The purpose of this study is to learn how pigment is released from the iris (the colored
part of the eye) in patients with pigment dispersion syndrome. It will do this by examining
the response of the pupil (the central opening of the iris) to a flash of light to determine
what is happening in the iris to cause release of the pigment.
In pigment dispersion syndrome, pigment released from the iris is deposited in other parts
of the eye, including the trabecular meshwork-a filter-like tissue in the front of the eye.
Aqueous fluid (fluid continuously produced by the eye) normally flows out of the eye through
the trabecular meshwork. In some patients, the pigment deposits may block tiny holes in the
meshwork, preventing the fluid from flowing out. This can cause an increase in eye pressure
that may lead to glaucoma and some loss of vision. Understanding how pigment is released
from the iris may help predict the course of pigment dispersion syndrome and identify which
patients will likely develop increased eye pressure.
Patients with pigment dispersion syndrome and normal volunteers may be eligible for this
study. All participants will have the following procedures, which will be completed in two
1. Examination of the front of the eyes, including the cornea, iris and lens.
2. Vision testing and measurements of visual field and eye pressure.
3. Examination of the trabecular meshwork. For this test, a contact lens is placed on the
eye after the eye has been numbed with anesthetic drops.
1. Refraction (dilation of the pupils with drops) and examination of the back of the eyes,
including the optic nerve.
2. Reaction of the pupils to low-level infrared light (pupillography). During this
15-minute test, the patient or volunteer wears a lightweight headband with two small
cameras mounted on it. The cameras-one which views the eye and the other the subject's
field of view-record pupil dilation and position.
The test results in patients with pigment dispersion syndrome will be compared with those in
normal volunteers. Patients will be followed every 6 months (or more often, if medically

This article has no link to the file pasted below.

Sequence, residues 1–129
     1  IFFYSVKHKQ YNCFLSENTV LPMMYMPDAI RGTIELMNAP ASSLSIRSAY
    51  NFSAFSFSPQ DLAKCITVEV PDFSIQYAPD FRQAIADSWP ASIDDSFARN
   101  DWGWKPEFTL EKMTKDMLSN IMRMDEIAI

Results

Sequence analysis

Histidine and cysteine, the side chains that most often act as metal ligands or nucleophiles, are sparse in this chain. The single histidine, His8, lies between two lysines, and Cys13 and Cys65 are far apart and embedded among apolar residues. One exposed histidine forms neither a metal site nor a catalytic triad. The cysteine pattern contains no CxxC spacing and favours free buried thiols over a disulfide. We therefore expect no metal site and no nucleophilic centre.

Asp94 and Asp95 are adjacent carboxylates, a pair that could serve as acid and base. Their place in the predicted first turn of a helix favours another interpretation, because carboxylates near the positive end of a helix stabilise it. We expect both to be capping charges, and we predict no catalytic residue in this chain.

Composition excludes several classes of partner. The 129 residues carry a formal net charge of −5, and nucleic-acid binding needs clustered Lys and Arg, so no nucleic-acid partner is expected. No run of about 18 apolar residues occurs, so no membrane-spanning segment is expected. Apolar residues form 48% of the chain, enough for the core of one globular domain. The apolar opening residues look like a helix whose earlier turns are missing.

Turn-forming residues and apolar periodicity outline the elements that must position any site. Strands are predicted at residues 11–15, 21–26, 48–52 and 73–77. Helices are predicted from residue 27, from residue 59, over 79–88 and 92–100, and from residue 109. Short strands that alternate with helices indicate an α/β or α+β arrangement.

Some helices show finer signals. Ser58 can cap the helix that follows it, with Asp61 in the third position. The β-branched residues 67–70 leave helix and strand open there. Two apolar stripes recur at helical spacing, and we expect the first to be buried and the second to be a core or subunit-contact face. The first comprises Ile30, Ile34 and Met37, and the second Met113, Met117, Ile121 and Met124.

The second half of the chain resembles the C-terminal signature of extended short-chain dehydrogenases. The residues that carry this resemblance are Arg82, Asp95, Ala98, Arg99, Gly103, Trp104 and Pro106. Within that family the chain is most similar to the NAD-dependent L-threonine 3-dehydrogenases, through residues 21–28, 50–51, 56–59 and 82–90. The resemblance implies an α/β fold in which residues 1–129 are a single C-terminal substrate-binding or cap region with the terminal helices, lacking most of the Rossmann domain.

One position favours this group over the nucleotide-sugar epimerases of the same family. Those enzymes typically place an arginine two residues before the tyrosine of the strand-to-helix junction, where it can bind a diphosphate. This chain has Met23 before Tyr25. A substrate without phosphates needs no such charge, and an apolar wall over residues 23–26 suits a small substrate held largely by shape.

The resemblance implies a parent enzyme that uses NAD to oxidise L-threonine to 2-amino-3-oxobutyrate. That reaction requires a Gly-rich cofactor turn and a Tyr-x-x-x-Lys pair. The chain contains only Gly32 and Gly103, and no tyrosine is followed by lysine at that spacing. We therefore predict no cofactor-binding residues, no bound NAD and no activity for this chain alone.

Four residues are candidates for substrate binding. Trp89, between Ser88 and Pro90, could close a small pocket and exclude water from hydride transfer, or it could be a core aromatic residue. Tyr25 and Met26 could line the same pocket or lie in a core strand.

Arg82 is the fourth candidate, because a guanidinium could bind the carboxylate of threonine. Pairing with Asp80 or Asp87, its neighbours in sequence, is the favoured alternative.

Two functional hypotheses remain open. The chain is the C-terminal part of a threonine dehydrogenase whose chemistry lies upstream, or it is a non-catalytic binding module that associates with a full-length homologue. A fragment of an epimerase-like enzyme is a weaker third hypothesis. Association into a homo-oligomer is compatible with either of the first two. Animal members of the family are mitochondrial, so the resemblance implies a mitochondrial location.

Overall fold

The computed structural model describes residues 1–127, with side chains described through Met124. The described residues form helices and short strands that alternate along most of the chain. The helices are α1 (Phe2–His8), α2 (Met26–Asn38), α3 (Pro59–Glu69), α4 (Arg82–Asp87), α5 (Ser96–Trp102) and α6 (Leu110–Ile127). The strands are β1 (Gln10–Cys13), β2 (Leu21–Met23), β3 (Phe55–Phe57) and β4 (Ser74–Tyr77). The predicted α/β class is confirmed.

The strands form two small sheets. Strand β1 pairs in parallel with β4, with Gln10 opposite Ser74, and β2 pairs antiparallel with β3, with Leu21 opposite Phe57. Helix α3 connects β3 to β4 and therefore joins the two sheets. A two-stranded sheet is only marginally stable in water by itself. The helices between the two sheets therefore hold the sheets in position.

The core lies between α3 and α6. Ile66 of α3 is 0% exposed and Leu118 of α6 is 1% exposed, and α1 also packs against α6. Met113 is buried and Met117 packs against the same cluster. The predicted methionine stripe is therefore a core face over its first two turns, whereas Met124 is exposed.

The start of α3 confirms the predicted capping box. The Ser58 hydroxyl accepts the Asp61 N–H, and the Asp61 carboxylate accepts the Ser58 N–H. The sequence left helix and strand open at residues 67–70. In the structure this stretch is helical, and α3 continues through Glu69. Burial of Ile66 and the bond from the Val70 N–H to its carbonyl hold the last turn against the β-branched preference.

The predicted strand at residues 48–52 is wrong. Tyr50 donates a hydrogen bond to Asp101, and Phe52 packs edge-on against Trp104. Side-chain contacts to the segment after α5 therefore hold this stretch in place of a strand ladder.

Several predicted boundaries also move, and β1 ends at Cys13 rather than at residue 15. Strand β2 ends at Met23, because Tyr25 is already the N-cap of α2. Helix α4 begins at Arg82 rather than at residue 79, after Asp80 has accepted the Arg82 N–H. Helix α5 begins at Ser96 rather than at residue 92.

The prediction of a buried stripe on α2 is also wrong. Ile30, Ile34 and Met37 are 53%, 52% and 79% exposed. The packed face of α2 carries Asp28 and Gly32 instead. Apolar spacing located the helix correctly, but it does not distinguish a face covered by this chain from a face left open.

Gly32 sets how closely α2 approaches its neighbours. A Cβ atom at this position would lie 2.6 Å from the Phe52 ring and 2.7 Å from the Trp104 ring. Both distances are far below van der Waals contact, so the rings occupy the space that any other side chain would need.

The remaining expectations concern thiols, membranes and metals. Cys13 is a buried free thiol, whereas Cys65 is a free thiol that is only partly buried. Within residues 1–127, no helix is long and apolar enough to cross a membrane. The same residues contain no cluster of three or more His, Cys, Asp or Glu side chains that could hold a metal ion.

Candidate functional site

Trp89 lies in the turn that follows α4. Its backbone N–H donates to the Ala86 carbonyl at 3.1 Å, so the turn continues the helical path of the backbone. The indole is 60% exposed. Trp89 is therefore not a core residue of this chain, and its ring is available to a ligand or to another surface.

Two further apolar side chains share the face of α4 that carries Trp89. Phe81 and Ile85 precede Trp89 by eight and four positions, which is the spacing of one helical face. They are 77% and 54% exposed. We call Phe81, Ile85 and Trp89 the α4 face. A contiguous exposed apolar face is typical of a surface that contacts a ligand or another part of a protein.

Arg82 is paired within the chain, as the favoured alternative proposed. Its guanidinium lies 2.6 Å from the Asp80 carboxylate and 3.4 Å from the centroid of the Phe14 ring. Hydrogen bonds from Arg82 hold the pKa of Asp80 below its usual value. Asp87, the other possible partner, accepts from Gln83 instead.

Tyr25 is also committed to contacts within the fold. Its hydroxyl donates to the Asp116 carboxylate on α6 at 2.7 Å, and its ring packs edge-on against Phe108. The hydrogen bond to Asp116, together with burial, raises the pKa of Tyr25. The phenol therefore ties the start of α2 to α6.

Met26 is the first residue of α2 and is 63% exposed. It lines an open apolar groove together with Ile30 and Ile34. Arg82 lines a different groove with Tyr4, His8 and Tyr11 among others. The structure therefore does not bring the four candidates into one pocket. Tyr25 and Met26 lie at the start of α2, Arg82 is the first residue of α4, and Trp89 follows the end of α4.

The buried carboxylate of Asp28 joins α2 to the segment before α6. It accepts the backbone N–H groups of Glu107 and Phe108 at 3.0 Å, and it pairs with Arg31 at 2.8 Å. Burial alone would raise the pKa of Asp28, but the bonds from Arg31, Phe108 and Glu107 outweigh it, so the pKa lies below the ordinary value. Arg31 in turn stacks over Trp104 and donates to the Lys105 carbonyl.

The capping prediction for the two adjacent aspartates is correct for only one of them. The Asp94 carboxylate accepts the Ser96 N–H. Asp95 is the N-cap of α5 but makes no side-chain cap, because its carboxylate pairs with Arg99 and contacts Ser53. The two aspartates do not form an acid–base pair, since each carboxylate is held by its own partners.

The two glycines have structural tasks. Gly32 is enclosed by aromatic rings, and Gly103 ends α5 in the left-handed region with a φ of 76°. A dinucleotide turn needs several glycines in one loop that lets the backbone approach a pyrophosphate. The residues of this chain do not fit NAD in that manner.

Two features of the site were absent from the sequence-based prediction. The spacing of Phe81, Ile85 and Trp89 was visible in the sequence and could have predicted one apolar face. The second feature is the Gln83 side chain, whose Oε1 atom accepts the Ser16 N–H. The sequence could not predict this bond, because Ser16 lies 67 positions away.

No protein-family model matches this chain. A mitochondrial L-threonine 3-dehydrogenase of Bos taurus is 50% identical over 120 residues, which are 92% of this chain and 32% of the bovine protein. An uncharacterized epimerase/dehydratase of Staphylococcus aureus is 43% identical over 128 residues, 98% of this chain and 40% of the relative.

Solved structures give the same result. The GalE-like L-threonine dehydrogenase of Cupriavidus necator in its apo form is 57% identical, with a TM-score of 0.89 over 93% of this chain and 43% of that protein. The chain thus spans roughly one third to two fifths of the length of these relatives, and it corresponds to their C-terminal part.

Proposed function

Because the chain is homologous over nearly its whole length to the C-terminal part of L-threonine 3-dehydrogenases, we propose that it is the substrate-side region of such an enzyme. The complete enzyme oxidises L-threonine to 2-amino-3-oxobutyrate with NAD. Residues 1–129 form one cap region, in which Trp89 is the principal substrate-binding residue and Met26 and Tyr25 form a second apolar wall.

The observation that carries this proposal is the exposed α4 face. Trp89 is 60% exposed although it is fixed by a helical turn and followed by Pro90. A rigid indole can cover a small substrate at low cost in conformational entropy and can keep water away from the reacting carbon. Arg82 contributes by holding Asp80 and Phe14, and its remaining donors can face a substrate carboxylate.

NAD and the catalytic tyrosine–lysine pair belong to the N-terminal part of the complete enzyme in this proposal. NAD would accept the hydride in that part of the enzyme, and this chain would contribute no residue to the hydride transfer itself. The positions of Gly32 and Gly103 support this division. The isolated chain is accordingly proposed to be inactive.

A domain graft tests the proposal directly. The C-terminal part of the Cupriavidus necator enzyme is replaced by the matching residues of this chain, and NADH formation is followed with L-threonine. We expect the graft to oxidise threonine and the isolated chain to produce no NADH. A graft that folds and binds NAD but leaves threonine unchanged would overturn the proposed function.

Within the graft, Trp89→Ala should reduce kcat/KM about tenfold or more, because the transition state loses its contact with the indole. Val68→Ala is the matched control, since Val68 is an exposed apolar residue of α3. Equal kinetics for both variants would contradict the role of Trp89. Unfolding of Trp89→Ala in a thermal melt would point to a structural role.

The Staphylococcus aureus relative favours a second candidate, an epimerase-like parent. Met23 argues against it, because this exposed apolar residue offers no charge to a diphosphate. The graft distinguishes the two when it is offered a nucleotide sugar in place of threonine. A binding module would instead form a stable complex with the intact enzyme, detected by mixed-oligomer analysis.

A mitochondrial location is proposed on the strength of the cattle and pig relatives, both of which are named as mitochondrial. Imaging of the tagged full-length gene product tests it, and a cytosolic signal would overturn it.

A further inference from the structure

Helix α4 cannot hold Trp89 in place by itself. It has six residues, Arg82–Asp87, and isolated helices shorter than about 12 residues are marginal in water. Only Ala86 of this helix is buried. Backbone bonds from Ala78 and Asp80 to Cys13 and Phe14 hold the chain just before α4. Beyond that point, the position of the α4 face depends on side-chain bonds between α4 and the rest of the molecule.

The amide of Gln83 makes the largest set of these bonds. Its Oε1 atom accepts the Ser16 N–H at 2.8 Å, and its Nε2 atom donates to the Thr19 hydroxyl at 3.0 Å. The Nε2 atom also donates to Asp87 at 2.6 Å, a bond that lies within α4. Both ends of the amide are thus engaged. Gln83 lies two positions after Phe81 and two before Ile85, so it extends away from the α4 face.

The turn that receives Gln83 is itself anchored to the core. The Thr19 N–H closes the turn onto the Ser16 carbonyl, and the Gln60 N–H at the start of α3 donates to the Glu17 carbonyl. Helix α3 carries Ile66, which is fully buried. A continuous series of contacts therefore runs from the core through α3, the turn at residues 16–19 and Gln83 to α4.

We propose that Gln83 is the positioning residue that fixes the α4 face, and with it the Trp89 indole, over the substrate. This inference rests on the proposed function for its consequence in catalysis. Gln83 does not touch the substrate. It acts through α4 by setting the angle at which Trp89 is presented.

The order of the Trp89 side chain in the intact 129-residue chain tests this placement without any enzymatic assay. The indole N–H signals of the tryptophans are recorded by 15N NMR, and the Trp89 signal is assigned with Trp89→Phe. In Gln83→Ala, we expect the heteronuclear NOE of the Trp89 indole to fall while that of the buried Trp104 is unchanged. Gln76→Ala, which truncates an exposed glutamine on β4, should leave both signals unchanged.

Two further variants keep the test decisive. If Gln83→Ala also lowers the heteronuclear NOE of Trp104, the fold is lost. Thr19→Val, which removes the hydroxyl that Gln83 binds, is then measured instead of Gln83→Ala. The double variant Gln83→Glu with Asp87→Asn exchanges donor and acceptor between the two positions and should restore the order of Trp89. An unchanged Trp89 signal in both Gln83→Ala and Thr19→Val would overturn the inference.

indicated) during the 3-year study to determine changes in eye pressure or visual field.
Volunteers will be asked to return about once a year for 3 years for repeat pupillography.
The purpose of this study is to conduct a comprehensive ophthalmologic evaluation and
comparison of two types of patients and to compare them to normal controls. The two types
of patients are those with pigment dispersion (PDS) with normal intraocular pressure (IOP)
and those with PDS and elevated IOP. The hypothesis to be tested is that a developmental
abnormality of the iris pigment epithelium (IPE) and the dilator muscle is the fundamental
defect responsible for the pigment dispersion. This defect may involve other structures of
the eye such as the ciliary and retinal pigment epithelium. The results of pupillography in
PDS with or without elevated IOP and asymmetric PDS (one eye versus fellow eye) will be the
All patients entering the study must have black pigment deposition on the trabecular
meshwork at the site of Schlemm's canal equal to or greater than 2-plus on the
goniophotographic scale of 1 to 5 plus.
Although this condition is rare amongst African-Americans, every effort will be made to
recruit such individuals.
Patients with exfoliation syndrome, uveitis, trauma, pigment dispersion with posterior
chamber intra-ocular lens, pigmented tumors, primary open-angle glaucoma, other conditions
with associated pigment dispersion such as acute angle-closure glaucoma, ocular
hemorrhage, Horner's syndrome.
In addition, normal volunteers will be recruited as controls. They will be free of any
eye disease and be matched for age, sex and degree of myopia.